New Delhi, April 18
In what could add to latest string of cyber breaches at India-based entities, a cyber security researcher on Sunday claimed that credit card details of nearly 10-lakh people who purchased online on Domino’s Pizza India is allegedly being sold for over Rs 4 crore on the Dark Web.
According to Alon Gal, CTO of security firm Hudson Rock, a threat actor has claimed to have hacked Domino’s India database worth 13TB.
The threat actor is looking for around $550,000 (approximately Rs 4 crore) for the database and saying they have plans to build a search portal to enable querying the data, Gal claimed.
“Information includes 180,000,000 order details containing names, phone numbers, emails, addresses, payment details and a whopping 1,000,000 credit cards,” Gal claimed in a tweet.
Threat actor claiming to have hacked Domino’s India (@dominos) and stealing 13TB worth of data.
Information includes 180,000,000 order details containing names, phone numbers, emails, addresses, payment details, and a whopping 1,000,000 credit cards. pic.twitter.com/1yefKim24A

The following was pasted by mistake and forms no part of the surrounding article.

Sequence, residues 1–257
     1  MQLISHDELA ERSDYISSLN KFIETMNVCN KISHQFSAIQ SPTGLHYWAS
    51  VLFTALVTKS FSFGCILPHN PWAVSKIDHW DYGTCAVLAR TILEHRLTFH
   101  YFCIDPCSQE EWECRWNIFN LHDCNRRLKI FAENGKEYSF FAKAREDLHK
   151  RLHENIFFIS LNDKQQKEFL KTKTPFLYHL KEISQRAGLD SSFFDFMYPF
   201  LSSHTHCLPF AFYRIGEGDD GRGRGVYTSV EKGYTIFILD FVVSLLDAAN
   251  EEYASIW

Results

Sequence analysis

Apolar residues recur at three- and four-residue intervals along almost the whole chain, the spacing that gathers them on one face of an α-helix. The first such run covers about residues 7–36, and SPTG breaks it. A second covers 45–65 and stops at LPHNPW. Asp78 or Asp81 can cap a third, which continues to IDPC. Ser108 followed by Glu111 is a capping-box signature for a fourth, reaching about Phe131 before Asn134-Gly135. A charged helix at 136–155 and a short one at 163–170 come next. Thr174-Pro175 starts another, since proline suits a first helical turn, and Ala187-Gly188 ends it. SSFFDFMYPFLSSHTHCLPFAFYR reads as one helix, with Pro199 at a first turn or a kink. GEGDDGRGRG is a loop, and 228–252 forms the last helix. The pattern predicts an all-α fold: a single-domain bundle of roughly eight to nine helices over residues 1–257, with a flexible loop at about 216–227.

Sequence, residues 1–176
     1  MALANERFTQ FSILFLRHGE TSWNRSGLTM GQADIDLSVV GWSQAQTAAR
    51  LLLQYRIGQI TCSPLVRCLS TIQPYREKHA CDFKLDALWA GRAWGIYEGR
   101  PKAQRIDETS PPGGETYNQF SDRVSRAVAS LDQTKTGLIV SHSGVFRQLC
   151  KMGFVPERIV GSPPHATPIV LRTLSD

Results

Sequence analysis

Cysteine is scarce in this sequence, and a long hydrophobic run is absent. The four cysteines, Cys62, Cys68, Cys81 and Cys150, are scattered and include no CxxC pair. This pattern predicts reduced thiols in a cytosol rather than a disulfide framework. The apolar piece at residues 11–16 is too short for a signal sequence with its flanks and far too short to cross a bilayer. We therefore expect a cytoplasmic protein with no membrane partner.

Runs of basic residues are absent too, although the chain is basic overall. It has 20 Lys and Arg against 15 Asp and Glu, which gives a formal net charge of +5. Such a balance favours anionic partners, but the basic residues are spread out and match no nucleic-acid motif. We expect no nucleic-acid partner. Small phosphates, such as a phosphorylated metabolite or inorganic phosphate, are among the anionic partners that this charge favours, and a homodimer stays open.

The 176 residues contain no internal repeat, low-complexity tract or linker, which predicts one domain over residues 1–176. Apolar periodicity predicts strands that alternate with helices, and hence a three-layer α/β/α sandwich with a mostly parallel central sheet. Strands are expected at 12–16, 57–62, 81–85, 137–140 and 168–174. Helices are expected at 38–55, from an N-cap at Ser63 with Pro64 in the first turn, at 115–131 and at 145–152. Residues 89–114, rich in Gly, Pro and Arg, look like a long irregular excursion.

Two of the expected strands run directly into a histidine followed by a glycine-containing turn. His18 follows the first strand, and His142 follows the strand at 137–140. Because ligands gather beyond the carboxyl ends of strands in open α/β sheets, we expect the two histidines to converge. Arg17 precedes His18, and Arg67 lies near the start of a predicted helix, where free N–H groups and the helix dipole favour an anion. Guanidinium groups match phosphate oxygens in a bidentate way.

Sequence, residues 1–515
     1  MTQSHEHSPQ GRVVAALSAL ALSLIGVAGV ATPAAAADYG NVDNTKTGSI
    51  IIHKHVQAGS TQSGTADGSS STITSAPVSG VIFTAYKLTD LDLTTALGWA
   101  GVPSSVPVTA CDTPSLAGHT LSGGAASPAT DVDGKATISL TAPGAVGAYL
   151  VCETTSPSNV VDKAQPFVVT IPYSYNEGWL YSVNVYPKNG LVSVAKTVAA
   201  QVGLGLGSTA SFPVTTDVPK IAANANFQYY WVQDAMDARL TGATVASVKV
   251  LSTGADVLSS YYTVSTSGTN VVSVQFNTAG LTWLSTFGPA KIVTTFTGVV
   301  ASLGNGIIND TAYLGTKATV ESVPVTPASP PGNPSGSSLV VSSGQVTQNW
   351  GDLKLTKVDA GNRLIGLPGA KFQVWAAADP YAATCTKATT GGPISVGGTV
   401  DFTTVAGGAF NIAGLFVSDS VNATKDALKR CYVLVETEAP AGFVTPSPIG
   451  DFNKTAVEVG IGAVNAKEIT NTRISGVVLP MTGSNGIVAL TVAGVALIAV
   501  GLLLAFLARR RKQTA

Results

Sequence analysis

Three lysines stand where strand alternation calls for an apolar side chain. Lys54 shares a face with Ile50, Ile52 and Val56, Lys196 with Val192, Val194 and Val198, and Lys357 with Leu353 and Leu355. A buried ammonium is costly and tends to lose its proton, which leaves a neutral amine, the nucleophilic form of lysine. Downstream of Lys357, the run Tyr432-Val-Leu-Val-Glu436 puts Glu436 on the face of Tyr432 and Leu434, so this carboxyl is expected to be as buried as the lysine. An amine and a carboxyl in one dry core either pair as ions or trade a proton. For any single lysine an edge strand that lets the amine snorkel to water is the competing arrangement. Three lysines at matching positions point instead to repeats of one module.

— Alon Gal (Under the Breach) (@UnderTheBreach) April 18, 2021
“Plenty of large-scale Indian breaches lately, this is worrying,” he added.
Domino’s India was yet to react to Gal’s tweet.
Independent cyber security researcher Rajshekhar Rajaharia told IANS that he had alerted about this possible hack to the CERT-in (India’s national cyber defence agency) on March 5.
“I had alerted CERT-in about a possible Domino’s Pizza India hack where the threat actor got data access with details like 200 million orders and personal data of the users too. The hacker, however, did not provide any sample,” Rajaharia said.
There have been a string of hacking incidents involving Indian firms in the recent past, including Bigbasket, BuyUcoin, JusPay, Upstox and others.
Gal earlier this month claimed that personal data of nearly 533 million (53.3 crore) Facebook users, including 61 lakh Indians, were leaked online after a hacker posted the details on a digital forum.
The leaked data included Facebook ID numbers, profile names, email addresses, location information, gender details, job data, and other details.
Facebook said the data was old.
“This is old data that was previously reported on in 2019. We found and fixed this issue in August 2019,” a Facebook spokesperson had said in a statement.